Wednesday, October 16, 2019

How To Make Meaningful Changes In Your Trading

The above observation seemed to resonate with a number of attendees at the recent Traders4ACause conference.  It's not enough to write a journal and express written goals.  If you're not making daily efforts at change, change never occurs.

This is a very important principle.  Ultimately, everything we do is practice.  We are either practicing the right thoughts and behaviors or we are "practicing" the wrong ones.  We always internalize our experience.  It's when we tackle change on a daily basis that the change becomes part of us.  The great enemy of change is procrastination.

So how do we overcome procrastination?  As long as the prospect of change feels as though it will *consume* energy, we'll find ways to avoid it.  We're wired to conserve our limited energy supplies.  If something doesn't feel like a necessity, we tend to put it off.  

The key to undertaking daily changes is to find a framework for pursuing your goals that *gives* you energy.  That means framing goals in inspiring ways.  It means finding the right social support for your goals.  It means emotionally linking to the trader--and person--you ultimately want to become.  This is why "discipline" alone will not bring you to your life goals.  Ultimately, it is *how* we pursue our goals that determines whether they are energy-renewing or energy-draining.

Traders often wonder why they aren't improving.  After all, they're putting in screen time and journaling their results! But that approach wouldn't facilitate change in any field.  You could spend endless hours playing chess and keep summaries of your games, but nothing would change.  The real chess masters literally replay every one of their games and review in great detail what they could have seen differently, which moves they could have made.  In the process of extensively reviewing many, many games, they internalize new ideas.  They get far more experience than grandmaster wannabees because they pick apart each game and figure out how an expert would have set a strategy and put it into practice.  Move. By. Move.

That replaying of the game is a process of discovery.  You learn to see new and different things and identify new, promising areas of opportunity.  That is *exciting*; it gives energy.  So often we procrastinate because we approach the change process with no sense of urgency, enthusiasm, or inspiration.

The motivation to trade is very different from the motivation to learn trading.  You can learn quite a bit from money managers and traders by observing them outside of market hours.  It's the productivity of the non-trading hours that determines the ultimate level of mastery achieved.

Further Reading:


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Saturday, October 12, 2019

Our Experience Is Who We Become

Riding on the plane on the way to Las Vegas and the Traders4ACause gathering, I had an interesting thought that I quickly tweeted:  What if all our usual assumptions about coaching, counseling, therapy, and psychology miss something essential?  What if the most important thing is not to use our thoughts, actions, and insights to change how we feel?  Rather, what if emotion itself is our gateway to change?  What if our feeling states are what we internalize over time?  

A lot of things begin to make sense if this is the case.  It's why psychological change has been linked to "corrective emotional experiences", for example, and why traumas can be so life changing.  We internalize our experience, which explains why the quality of home life is so important in a child's development.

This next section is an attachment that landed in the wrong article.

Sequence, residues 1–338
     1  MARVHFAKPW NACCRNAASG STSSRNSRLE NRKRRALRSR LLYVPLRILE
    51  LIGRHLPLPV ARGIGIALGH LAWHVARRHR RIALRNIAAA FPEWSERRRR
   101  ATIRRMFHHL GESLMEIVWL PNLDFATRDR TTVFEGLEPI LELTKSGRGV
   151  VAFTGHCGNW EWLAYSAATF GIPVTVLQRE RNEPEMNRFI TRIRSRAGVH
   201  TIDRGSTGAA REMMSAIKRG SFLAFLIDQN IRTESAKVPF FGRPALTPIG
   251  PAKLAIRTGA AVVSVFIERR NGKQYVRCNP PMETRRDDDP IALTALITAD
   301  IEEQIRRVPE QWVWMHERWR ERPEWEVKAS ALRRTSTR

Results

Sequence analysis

In the most recent Forbes article, I review fascinating new research in what is called "prospection":  our ability to connect our present selves with our futures.  It turns out that some of us are relatively "farsighted":  we are able to live our present lives in ways that connect deeply to our future.  Others are more "nearsighted", making short-term decisions that never build their desired future.  As the article explains, it's our emotional connection to the future that enables us to operate in farsighted ways.

So let's put these two ideas together:  1) we become our experience; and 2) our connection to the future enables us to achieve it.  I suspect it's a bit of what Ayn Rand had in mind when she noted that anyone who fights for the future lives in it today.  To achieve a positive, successful, fulfilling future, we must experience those things today--and each day.  The future is like a beautiful building:  once it is visioned, it is assembled stone by stone, wall by wall.  Too often, we fail to build our future because we're not spending our days laying bricks.

If this is correct, much of traditional trading psychology is wrongfooted.  It's not simply the negative emotions we tend to emphasize--fear, greed, and frustration--that undermine performance.  Rather, it's psychological nearsightedness.  In focusing on processes, discipline, and short-term performance, we fail to emotionally connect to our futures.  Take a look at your trading journals; take a look at your conversations about your trading and about markets:  How much fulfillment is expressed?  How much accomplishment?  How much excitement and enthusiasm over learning and discovery?

Identify all your communications about your trading:  from your self-talk to your journals to your conversations with others.  The emotional tone of those communications is what you are in the process of becoming.  Each piece of self-talk, each journal entry, each conversation is a brick you're laying in the structure that is tomorrow.  Can we truly expect to internalize success and satisfaction if those aren't daily parts of our experience?  How ironic it is that we spend our time worrying about "missing out" on trades when that is precisely the kind of preoccupation that misses out on our future.

Further Reading:

Thursday, October 10, 2019

Understanding the Psychology of the Market